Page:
A mental-health charity has been fined £30,000 for failing to protect an employee who was stabbed to death by a paranoid schizophrenic man.
Ashleigh Ewing, 22, a support worker for Mental Health Matters, was attacked and killed by service user Ronald Dixon. The charity had been offering support to Dixon to help him cope with day-to-day tasks, after he had been discharged under the Mental Health Act.
On 19 May 2006, Ashleigh made a routine visit to Mr Dixon’s flat, where she presented him with a letter, informing him that he owed the charity money for smashing a payphone, and stealing the money that was inside. Dixon then attacked Ashleigh and stabbed her 39 times. He later handed himself into the Police and told them that Ashleigh’s body was in his flat.
Dixon had a history of delusional behaviour and was risk-assessed by psychiatrists before being released back in to the community in February 2006. The assessment noted a number of risk factors that could trigger erratic behaviour, including not taking his medication, poor management of personal finances, drinking alcohol, and not engaging with carers.
The HSE’s investigation discovered that the charity was aware of this assessment and that Mr Dixon was refusing to take his medication, and drinking regularly, in the weeks prior to the attack. The charity failed to respond to these warning signs and allowed Ashleigh to visit Dixon unaccompanied.
HSE inspector Pam Waldron revealed that Ashleigh had only been working for Mental Health Matters for six months prior to the attack, and said that the charity had not taken suitable steps to protect her. She said: “This is an unusual case, which shows the need for employers to assess risks to employees who visit individuals in their homes, and for arrangements to be reviewed when changes occur.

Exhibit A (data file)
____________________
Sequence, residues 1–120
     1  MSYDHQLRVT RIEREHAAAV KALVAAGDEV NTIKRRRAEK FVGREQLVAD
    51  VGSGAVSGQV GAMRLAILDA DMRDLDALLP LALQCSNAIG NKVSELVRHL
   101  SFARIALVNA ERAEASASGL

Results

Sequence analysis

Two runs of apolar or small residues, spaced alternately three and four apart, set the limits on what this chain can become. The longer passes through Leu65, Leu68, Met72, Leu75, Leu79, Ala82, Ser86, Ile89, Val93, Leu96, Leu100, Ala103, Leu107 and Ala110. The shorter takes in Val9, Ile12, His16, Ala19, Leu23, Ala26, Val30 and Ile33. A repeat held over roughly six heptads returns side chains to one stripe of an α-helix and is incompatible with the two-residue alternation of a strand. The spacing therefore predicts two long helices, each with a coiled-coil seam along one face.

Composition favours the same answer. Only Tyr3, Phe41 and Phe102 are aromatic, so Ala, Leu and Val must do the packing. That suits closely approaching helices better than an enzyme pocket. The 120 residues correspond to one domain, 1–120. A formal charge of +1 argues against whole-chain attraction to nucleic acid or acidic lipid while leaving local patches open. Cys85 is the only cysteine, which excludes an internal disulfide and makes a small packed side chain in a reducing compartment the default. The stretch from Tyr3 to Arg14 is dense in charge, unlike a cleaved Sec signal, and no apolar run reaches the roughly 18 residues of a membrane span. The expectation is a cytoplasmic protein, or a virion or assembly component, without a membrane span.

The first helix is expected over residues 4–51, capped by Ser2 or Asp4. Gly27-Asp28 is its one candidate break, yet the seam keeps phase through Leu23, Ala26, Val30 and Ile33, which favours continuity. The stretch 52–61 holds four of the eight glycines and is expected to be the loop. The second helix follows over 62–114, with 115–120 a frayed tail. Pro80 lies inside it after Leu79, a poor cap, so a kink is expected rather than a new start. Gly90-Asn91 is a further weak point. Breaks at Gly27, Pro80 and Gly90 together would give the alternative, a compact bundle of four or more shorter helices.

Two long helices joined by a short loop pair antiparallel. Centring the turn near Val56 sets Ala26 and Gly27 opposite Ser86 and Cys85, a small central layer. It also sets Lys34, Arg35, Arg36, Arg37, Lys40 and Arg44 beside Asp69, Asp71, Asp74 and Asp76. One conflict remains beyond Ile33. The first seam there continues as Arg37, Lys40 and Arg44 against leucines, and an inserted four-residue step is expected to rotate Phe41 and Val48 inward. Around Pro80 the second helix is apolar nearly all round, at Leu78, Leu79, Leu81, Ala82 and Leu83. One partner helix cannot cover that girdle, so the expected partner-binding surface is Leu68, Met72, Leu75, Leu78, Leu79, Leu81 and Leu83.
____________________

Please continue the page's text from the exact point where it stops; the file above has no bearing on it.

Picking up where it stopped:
“We believe that if Mental Health Matters had carried out a risk assessment, it would have resulted in the visiting arrangements being reviewed.”
Mental Health Matters appeared at Newcastle Crown Court on 1 February and pleaded guilty to breaching s2(1) of the HSWA 1974. In addition to the fine it was ordered to pay £20,000 in costs.
In mitigation, the firm said it had no previous convictions and has subsequently reviewed its policies and procedures. This review highlighted that it had sufficient procedures in place but these had not been correctly implemented and monitored.
A statement from the charity said: “We apologise unreservedly for the failing that we have admitted. The internal investigation launched following Ashleigh’s death more than three years ago identified the procedural failing that formed the basis of the HSE prosecution. This was addressed immediately and is subject to stringent and on-going monitoring.”
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